Domestic violence has become a far more socially acknowledged topic than ever in history. While it is likely that the occurrences are far greater, reports indicate that 1 in every 4 women will experience domestic violence in her lifetime.
Men can certainly be victims of domestic violence, yet this may be an even more underreported scenario. The causes and long term effects of violence amongst family members are complex and often devastating, not only to those directly involved but to other family members as well, particularly children. Numerous articles on domestic violence are available for study on the internet, which may prove to be helpful in the treatment and prevention of continued episodes of violence.
Articles on Domestic Violence : What Defines Domestic Violence?
Domestic violence is not limited to physical assaults, although this may be what many people imagine when they hear the term. While instances such as hitting, pushing, shoving, etc. are certainly severe acts of abuse, forced acts of sexuality, even between married partners, is very much an aspect in certain cases of domestic abuse. Verbal and mental violence, such as name calling, overly controlling behaviors, threats, stalking, and intimidation are all too commonly overlooked as true forms of domestic violence, and have shown to be just as damaging as physical abuse in many cases.
Articles on Domestic Violence : Witnessing Domestic Violence Damages Children
Many parents who are involved in domestic disputes are unaware of how deeply their children are affected by the witnessing of violence between their parents. These children are far more likely to develop personality and/or mental disorders of numerous types, as well as to become perpetrators or victims of domestic violence in adulthood. They are also likely to bully other children outside of their homes, as an of expression of anger, frustration, and sadness. Some governmental organizations are beginning to classify the exposure of children to domestic violence as a form of child abuse. Sadly, there are cases where the perpetrator intentionally abuses the victim in plain site to the child, wishing to create two victims simultaneously. The long term damage to the child is most severe when the adult victim develops post traumatic stress disorder which is not treated, therefore leaving them unable to help their child in dealing with their own traumas and stressors resulting from the viewing of the violence.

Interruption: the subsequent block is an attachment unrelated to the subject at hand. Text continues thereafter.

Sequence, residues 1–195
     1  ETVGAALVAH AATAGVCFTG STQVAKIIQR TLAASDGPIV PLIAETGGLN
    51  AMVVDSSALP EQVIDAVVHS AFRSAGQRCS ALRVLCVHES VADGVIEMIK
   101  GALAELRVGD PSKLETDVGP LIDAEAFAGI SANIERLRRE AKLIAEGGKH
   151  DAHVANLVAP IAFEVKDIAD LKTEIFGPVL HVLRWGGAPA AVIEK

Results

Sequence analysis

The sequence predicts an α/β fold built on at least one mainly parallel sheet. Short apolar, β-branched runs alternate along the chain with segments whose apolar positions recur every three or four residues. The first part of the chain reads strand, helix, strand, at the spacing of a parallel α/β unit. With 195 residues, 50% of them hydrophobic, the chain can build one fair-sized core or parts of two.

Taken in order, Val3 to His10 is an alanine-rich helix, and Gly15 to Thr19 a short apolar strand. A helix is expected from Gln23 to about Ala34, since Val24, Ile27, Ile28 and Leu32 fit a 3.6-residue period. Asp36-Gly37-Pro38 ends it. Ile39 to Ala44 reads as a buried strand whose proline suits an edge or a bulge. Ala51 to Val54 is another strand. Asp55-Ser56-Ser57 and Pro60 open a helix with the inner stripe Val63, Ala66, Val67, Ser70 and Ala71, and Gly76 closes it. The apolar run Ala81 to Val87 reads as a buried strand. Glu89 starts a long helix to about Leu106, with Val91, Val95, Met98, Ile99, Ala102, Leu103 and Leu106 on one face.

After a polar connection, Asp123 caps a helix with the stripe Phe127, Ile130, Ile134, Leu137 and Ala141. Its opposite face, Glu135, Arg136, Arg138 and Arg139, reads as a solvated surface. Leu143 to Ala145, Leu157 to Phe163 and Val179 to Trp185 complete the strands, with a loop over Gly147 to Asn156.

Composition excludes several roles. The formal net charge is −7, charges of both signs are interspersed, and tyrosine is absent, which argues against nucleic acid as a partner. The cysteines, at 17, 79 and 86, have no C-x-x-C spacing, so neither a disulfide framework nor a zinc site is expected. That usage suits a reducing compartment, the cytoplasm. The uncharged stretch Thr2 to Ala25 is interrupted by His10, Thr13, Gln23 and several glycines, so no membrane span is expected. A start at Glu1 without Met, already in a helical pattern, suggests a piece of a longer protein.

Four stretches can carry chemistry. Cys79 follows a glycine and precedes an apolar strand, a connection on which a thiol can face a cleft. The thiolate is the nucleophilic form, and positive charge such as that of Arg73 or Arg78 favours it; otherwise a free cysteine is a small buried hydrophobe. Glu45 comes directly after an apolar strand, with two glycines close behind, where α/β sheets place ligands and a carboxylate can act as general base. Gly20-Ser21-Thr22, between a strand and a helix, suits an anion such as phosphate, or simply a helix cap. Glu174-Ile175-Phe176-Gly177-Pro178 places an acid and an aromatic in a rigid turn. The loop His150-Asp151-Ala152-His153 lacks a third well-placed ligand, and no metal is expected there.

Articles on Domestic Violence : Children from Violent Homes are often Directly Abused
In homes where domestic violence is present between the adults, approximately half of the children are themselves directly abused. When the mother is the victim, various articles on domestic violence show that she is twice as likely to be the perpetrator of violence to her children as non abused mothers. Older children may be injured while trying to protect one parent from the other, while younger children may be affected by objects thrown with the intention of hitting an adult and accidentally hitting the child, or while being held by the victim during an episode of abuse. More and more the current articles on domestic violence are showing the clear correlation between domestic violence, child abuse, and later, youth violence. Recent years have shown a greater than 50% increase in violent juvenile crimes. Most of these children have been exposed to domestic violence in one or more forms.
Articles on Domestic Violence : How Can the Pattern of Domestic Violence be Stopped?
The resources available to assist domestic violence victims are terribly inadequate to meet true societal needs. The number of women reported to be doing all the right things, such as calling police, leaving their abusive partners, etc. has increased, yet the homicide rates of these women and often their children is still high. In addition, juvenile violence (often the result of domestic violence) continues to increase. It should be noted that the current governmental domestic violence programs target emergency assistance rather than education and prevention. With financial resources being so limited for these critical programs, far more effective assistance would occur with a larger portion of resources being redirected to domestic violence prevention. This would require cooperation between various governmental bodies, as well as a deeper acknowledgement of the correlations between domestic violence, child abuse, and youth violence. Target areas should include education of low-income families (who have the highest rates of domestic violence). These programs should begin as early in life as possible, as this population group has shown to be highly responsive to education and alternatives to what they may have been exposed to during their own periods of childhood. Community involvement for at risk groups is critical, as numerous articles on domestic violence abatement have shown. (4)